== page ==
/ Published September 11, 2019
Russia’s Military Revival by Bettina Renz. Polity Books, 2018, 240 pp.
Russia’s Military Revival is an ideal introduction to the modern Russian military, written by an expert in Russian military reform, Bettina Renz. Throughout her book, Renz gives context to Western readers for understanding new capabilities Russia has deployed in Crimea, Ukraine, and Syria. Renz is no apologist for Russia’s behavior, yet she does an admirable job demonstrating the strategic problems Russia seeks to solve and how the Russian military addresses the country’s problems.
Bettina Renz is a professor at Nottingham University specializing in Russian military reforms. Since 2005 she has published numerous articles in academic journals describing the background and effects of changes in Russia’s post-Soviet military. Russia’s Military Revival is a scholarly, academic work. Each chapter begins with a thorough review of the literature on Russia’s military and political activities. Renz concisely summarizes nearly 15 years of research into only 206 pages—quite a feat considering how much information is available. She balances her perspective with sources by those who perceive Russian actions differently from her own. This parity leads the reader to understand both Russia’s activities and the Western analysis that has driven so many policy decisions. It is what makes Russia’s Military Revival crucial and authoritative for analysts and policy makers addressing the Russian problem set.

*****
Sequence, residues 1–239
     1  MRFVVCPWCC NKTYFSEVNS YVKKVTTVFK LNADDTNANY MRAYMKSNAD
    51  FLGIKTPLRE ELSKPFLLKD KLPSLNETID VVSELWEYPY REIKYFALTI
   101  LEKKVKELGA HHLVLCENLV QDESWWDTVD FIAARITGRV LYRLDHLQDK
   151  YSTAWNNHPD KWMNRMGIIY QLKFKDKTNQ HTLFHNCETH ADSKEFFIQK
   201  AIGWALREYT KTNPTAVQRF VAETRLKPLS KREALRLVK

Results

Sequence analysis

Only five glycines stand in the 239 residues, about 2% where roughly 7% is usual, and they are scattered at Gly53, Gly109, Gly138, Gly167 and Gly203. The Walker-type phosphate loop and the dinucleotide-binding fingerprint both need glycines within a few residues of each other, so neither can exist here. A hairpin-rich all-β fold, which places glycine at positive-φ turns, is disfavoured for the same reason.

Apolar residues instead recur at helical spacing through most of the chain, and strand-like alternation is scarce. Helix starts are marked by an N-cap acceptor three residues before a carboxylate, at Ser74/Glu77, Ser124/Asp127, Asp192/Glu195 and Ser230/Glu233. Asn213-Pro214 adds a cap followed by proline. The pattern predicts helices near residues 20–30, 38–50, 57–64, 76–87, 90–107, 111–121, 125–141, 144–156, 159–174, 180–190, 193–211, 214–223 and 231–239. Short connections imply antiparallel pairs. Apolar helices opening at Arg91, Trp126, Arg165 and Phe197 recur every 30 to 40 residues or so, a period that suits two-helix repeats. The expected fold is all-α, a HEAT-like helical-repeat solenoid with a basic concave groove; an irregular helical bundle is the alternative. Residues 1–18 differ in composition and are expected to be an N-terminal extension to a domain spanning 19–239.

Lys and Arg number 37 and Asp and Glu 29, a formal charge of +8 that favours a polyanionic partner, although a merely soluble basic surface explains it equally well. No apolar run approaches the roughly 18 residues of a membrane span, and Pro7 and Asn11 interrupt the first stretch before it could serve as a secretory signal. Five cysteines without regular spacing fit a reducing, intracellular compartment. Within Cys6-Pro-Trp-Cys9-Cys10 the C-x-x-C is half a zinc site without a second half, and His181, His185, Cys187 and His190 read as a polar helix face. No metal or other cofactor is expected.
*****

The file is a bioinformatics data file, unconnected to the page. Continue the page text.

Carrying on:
Renz states upfront why she wrote Russia’s Military Revival: to correct what she perceives are Western misconceptions about an apparently unexpected resurgence in Russia’s military capabilities. As she points out in the introduction, starting with its invasion of Crimea in 2014, Russia abruptly reappeared on the world stage as a major military power. The Russian interventions in Ukraine, Syria, and Venezuela only solidified this view. Numerous commentators, analysts, and policy makers have referred to a “resurgent Russia” with new, unprecedented capabilities, seeking to expand its territory by military force.
Renz demonstrated the continuity between the military Russia inherited at the collapse of the Soviet Union and Russia’s apparently new military strength. To do this, she makes three major points. First, the present Russian military does not represent a paradigm shift from previous Soviet thinking. Second, the growth of the Russian military does not represent a desire by Russian leadership to forcibly incorporate the territory of other nations into its borders, the example of Crimea notwithstanding. Third, the Russian military still does not seriously rival the West in size, technology, or training. While the Russian military has improved vastly since 1991, it simply does not have the resources or manpower to seriously challenge Western capabilities.